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Museum rediscovers ancient skeleton in storage

6,500-year-old human remains are displayed at the The Penn Museum, part of the University of Pennsylvania, Tuesday, Aug. 5, 2014, in Philadelphia. The museum announced Tuesday that it had rediscovered in its own storage rooms a 6,500-year-old human skeleton believed to have been a man at least 50 who stood 5 feet, 9 inches tall. The remains were originally excavated from southern Iraq around 1930. Museum officials said the complete human skeleton had been stored in a coffin-like box but with no trace of identifying documentation. (AP Photo/Matt Rourke) -
6,500-year-old human remains are displayed at the The Penn Museum, part of the University of Pennsylvania, Tuesday, Aug. 5, 2014, in Philadelphia. The museum announced Tuesday that it had rediscovered in its own storage rooms a 6,500-year-old human skeleton believed to have been a man at least 50 who stood 5 feet, 9 inches tall. The remains were originally excavated from southern Iraq around 1930. Museum officials said the complete human skeleton had been stored in a coffin-like box but with no trace of identifying documentation. (AP Photo/Matt Rourke)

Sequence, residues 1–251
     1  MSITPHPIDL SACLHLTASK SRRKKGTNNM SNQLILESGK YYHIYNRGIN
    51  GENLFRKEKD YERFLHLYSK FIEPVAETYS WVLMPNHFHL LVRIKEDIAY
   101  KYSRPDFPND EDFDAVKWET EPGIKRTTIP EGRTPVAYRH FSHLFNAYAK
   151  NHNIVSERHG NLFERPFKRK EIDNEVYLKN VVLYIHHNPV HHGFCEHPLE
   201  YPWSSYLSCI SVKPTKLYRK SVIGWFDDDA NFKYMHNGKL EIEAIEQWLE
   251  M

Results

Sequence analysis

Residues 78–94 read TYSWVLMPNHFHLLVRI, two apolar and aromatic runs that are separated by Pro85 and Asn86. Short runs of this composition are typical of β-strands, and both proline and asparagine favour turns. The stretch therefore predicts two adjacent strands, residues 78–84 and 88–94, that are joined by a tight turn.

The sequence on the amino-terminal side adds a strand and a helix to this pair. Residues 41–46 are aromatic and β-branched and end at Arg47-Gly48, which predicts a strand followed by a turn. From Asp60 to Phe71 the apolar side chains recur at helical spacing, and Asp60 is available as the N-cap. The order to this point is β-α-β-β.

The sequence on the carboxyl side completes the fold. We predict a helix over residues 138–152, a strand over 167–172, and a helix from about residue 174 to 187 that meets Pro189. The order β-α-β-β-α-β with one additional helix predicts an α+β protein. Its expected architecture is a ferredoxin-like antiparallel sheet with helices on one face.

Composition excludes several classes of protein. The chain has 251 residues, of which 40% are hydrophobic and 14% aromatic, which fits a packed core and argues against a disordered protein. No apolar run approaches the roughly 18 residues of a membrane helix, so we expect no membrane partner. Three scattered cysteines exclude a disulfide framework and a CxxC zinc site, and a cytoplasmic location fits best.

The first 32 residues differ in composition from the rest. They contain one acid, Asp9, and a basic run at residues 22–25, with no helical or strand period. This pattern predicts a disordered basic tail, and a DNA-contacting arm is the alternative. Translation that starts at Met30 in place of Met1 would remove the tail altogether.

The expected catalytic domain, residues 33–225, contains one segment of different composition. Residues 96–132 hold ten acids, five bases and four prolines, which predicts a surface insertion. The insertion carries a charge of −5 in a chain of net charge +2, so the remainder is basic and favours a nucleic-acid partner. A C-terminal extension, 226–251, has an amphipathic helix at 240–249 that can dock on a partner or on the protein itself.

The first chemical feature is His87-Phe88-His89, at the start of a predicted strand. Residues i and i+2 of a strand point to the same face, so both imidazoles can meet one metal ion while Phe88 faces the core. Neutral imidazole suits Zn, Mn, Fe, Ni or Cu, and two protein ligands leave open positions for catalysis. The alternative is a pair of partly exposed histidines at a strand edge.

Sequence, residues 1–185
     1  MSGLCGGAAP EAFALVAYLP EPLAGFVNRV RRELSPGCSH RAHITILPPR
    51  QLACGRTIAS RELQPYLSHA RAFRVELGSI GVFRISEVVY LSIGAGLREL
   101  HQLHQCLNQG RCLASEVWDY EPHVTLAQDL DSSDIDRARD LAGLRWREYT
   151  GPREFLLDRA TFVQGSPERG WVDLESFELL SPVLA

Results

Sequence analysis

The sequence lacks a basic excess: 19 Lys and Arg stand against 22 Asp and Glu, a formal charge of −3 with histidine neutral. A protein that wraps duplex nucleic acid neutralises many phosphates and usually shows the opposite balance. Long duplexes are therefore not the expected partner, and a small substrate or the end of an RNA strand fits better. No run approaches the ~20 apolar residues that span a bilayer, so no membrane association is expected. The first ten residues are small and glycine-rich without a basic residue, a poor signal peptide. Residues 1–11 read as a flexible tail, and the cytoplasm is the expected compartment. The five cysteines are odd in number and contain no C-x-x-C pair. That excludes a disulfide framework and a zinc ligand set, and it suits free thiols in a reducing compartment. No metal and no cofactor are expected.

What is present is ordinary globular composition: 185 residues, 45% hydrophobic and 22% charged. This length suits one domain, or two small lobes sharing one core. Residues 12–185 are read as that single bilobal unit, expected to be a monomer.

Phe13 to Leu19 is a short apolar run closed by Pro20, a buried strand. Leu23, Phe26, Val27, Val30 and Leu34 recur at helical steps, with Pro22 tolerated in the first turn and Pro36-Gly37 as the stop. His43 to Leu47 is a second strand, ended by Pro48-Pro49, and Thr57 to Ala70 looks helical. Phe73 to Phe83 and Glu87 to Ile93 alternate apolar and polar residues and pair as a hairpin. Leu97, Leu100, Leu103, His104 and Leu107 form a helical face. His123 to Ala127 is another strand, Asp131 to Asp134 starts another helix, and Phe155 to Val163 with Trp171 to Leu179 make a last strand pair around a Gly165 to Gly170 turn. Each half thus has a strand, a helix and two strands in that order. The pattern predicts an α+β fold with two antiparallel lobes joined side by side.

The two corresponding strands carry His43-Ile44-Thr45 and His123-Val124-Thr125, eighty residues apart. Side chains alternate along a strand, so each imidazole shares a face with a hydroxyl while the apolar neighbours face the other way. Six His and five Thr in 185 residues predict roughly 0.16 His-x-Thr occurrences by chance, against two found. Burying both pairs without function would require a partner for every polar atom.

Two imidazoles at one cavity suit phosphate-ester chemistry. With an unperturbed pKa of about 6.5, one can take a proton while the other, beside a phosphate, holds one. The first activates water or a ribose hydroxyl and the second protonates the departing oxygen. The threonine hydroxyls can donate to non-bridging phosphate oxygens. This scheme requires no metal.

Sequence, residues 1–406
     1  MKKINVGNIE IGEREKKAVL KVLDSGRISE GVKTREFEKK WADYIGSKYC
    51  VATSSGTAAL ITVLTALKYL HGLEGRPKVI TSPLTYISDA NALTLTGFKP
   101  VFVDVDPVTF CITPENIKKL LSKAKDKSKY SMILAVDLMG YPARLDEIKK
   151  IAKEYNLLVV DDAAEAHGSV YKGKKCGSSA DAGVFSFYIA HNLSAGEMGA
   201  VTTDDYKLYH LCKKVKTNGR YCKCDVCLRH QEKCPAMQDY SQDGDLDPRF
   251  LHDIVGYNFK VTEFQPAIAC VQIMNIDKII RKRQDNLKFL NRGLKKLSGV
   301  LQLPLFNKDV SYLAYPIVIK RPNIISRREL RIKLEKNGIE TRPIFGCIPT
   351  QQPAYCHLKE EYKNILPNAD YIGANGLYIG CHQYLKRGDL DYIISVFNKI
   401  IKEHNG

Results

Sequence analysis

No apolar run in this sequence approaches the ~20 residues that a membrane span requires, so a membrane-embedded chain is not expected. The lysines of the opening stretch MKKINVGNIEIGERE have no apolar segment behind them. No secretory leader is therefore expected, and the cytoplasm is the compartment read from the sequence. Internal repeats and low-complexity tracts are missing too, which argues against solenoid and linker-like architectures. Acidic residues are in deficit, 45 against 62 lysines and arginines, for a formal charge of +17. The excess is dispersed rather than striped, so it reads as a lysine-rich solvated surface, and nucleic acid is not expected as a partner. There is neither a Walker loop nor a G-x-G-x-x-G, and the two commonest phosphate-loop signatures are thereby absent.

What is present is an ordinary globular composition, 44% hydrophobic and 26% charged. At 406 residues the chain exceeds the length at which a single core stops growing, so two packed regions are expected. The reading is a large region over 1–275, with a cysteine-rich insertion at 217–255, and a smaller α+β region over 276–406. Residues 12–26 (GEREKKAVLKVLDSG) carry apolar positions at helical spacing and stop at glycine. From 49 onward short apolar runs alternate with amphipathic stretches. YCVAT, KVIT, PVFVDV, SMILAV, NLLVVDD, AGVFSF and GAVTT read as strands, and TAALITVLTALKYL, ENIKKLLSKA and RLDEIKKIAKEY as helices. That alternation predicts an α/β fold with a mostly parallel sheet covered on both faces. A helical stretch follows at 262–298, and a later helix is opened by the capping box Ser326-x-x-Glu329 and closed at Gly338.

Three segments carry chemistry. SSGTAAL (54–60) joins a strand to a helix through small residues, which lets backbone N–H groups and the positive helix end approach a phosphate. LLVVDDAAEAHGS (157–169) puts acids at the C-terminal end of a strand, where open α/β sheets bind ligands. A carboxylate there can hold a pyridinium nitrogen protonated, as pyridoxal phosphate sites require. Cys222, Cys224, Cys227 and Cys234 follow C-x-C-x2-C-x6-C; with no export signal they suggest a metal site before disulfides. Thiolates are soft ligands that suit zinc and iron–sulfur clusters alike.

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By The Associated Press

PHILADELPHIA - An archaeology museum in Philadelphia has made an extraordinary find — in its own storage rooms.

The Penn Museum, part of the University of Pennsylvania, announced Tuesday that it had rediscovered a 6,500-year-old human skeleton believed to have been a man at least 50 who stood 5 feet, 9 inches tall. The remains were originally excavated from southern Iraq around 1930.

Museum officials said the complete human skeleton had been stored in a coffin-like box but with no trace of identifying documentation.

Skeletons of the same time period, particularly complete remains, are extremely rare, the Penn researchers said. They hope a skeletal analysis will reveal more about the population's diet, stresses and ancestral origins.

University of Pennsylvania researchers working with a team from the British Museum first unearthed the remains at the site of Ur, an ancient city near modern-day Nasiriyah.

Janet Monge, the curator-in-charge of the anthropology section of the Penn Museum, had known the skeleton was in storage, but researchers weren't able to determine its significance until a records digitization project was undertaken, officials said.

The effort enabled the researchers to link the skeleton to the field records of Sir Leonard Woolley, whose joint team excavated the site where it was uncovered.

The burial that produced the skeleton was cut into deep silt, indicating that the man had lived after an epic flood, leading Penn researchers to nickname their re-discovery "Noah."

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Online:

http://www.penn.museum/

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